NASA reveals that there are 300 million “habitable” planets in our galaxy


NASA has revealed that there are about 300 million planets outside our solar system, but within the Milky Way, they are potentially habitable.

Of this large number of planets, four of them are 30 light-years from Earth, and the closest one is only 20 light-years away, according to the US Space Agency.

Scientists analyzed data from the Kepler Space Telescope, which was launched in March 2009, and found that nearly half of the stars that have a temperature similar to the sun, on average 1,500 degrees Fahrenheit, can orbit around rocky planets with liquid water on their surfaces.

Kepler detected about 150,000 stars in a region in the Milky Way during a mission that lasted three and a half years.

Scientists reached the figure of 300 million, based on the assumption that 7% of sunlike stars have habitable worlds orbiting around them.

However, they indicated that the real figure could reach 75%, which would see the figure rise from 300 million to about 3 billion.

Data from the Kepler Deep Space Telescope, which went out of business in October 2018 when it finally ran out of fuel, led to the discovery.

The Kepler mission was originally set to last 3.5 years, but the strict use of fuel enabled the spacecraft to continue operating for 9 years, 7 months and 23 days.

His mission was to search the sky, near and far, for planets orbiting other stars.

Kepler discovered more than 2,600 worlds outside our solar system and statistically proved that the Milky Way is home to more planets than stars.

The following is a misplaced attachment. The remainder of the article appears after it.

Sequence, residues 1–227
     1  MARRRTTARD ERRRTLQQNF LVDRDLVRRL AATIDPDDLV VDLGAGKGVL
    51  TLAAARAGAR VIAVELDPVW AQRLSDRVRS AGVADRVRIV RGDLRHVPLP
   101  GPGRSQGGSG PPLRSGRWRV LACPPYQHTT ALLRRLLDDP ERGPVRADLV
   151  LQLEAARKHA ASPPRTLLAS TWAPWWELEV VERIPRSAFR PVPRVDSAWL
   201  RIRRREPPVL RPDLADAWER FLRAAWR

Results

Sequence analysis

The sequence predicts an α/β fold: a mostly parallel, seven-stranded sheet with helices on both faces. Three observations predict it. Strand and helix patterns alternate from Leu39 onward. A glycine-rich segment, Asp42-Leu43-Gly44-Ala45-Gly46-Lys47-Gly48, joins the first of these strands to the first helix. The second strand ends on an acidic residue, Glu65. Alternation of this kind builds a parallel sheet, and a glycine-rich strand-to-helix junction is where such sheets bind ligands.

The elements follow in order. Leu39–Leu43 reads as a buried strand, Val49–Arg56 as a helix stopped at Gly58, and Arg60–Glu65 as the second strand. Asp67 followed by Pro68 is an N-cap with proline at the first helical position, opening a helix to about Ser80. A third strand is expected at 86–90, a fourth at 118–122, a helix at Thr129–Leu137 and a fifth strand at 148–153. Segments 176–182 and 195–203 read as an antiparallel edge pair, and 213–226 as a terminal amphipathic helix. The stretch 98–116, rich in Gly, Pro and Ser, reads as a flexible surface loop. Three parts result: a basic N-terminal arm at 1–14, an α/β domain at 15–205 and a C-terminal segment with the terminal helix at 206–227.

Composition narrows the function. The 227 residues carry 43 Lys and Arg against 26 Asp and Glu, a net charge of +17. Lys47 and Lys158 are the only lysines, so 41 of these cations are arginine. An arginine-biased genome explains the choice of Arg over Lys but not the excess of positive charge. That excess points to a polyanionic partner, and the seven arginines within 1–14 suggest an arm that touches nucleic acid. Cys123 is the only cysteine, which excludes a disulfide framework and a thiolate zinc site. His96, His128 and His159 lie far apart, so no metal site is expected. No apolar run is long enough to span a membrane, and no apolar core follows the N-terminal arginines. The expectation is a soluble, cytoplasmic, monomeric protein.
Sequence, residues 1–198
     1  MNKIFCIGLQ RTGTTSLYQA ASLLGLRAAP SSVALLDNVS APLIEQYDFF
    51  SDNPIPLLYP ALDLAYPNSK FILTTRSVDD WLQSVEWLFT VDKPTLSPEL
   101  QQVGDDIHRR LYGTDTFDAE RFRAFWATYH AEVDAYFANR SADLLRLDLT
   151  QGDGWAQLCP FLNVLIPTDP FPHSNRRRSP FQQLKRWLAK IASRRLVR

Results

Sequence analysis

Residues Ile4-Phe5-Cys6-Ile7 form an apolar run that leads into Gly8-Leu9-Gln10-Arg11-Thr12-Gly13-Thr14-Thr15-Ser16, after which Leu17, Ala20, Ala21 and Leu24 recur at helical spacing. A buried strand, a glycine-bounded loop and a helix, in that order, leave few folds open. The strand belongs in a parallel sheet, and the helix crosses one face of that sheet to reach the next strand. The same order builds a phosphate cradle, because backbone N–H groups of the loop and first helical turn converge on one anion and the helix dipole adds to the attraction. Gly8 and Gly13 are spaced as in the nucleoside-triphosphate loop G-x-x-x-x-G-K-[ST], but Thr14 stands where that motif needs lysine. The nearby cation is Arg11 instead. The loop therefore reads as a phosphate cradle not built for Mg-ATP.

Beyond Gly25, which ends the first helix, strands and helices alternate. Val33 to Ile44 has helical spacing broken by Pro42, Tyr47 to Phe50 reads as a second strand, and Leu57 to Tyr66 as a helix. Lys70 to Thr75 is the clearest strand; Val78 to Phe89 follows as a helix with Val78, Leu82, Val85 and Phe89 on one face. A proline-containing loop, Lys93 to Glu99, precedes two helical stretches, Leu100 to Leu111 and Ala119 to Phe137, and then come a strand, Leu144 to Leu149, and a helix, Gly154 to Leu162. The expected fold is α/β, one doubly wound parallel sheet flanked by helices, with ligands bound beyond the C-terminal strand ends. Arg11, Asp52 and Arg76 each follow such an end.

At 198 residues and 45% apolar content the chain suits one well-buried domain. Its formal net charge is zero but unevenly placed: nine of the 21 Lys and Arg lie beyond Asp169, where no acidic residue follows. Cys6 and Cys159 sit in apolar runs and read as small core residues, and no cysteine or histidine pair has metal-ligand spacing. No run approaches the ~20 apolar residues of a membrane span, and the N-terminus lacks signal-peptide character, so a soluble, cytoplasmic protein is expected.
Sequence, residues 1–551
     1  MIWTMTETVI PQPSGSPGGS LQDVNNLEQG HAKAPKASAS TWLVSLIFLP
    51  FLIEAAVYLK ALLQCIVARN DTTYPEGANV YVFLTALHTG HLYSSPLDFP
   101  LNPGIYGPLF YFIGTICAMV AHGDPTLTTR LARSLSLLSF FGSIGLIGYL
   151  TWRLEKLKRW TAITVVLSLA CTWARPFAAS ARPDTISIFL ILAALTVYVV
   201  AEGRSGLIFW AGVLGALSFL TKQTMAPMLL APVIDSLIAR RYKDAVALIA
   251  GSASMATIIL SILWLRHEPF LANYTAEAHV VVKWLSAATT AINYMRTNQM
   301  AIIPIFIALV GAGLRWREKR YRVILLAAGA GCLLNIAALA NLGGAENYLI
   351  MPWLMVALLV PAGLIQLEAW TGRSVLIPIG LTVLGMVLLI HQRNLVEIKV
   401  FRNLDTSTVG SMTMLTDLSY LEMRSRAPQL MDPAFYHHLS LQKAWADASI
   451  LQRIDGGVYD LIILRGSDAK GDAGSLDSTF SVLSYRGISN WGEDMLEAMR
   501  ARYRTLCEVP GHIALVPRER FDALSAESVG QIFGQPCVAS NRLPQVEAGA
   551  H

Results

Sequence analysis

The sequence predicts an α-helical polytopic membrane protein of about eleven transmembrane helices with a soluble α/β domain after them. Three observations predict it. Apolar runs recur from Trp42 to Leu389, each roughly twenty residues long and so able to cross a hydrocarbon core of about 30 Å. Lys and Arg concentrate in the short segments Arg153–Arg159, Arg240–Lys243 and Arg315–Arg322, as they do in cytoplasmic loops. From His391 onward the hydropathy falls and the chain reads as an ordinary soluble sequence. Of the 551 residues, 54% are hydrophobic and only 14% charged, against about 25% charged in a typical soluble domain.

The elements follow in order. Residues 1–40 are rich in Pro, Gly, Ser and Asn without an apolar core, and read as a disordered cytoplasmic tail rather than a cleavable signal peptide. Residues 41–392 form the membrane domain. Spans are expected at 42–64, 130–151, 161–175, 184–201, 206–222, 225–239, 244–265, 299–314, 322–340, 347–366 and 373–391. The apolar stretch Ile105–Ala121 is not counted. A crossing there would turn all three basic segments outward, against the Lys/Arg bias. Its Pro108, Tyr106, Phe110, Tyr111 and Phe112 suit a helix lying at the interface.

The data from Kepler is so massive that astronomers are still researching its reserves to this day and publishing new findings, including the latter.

The team of 44 astronomers led by Steve Bryson of the Ames Center reached the new findings after looking at the data for two years.

“Kepler already told us that there are billions of planets, but we now know that a large part of them may be rocky and fit for life,” said Bryson, a researcher at the Ames Research Center in California, affiliated with NASA.

There are at least 100 billion stars in the Milky Way, according to NASA estimates, and 4 billion stars that resemble the Sun.

And if only 7% of those sun-like stars had habitable planets, then there might be as many as 300 million Earth-like planets in our galaxy alone.

“We want to be very conservative in case there are any surprises with nature regarding livability,” said Ravi Kumar Cobarabo, a researcher at NASA’s Goddard Space Flight Center in Greenbelt, Maryland, and one of the study’s authors. So we’re lowering estimates on purpose. ”

The team noted that the specific planets will be rocky because the larger planets tend to be gas, just like Jupiter and Saturn in the solar system. (RT)


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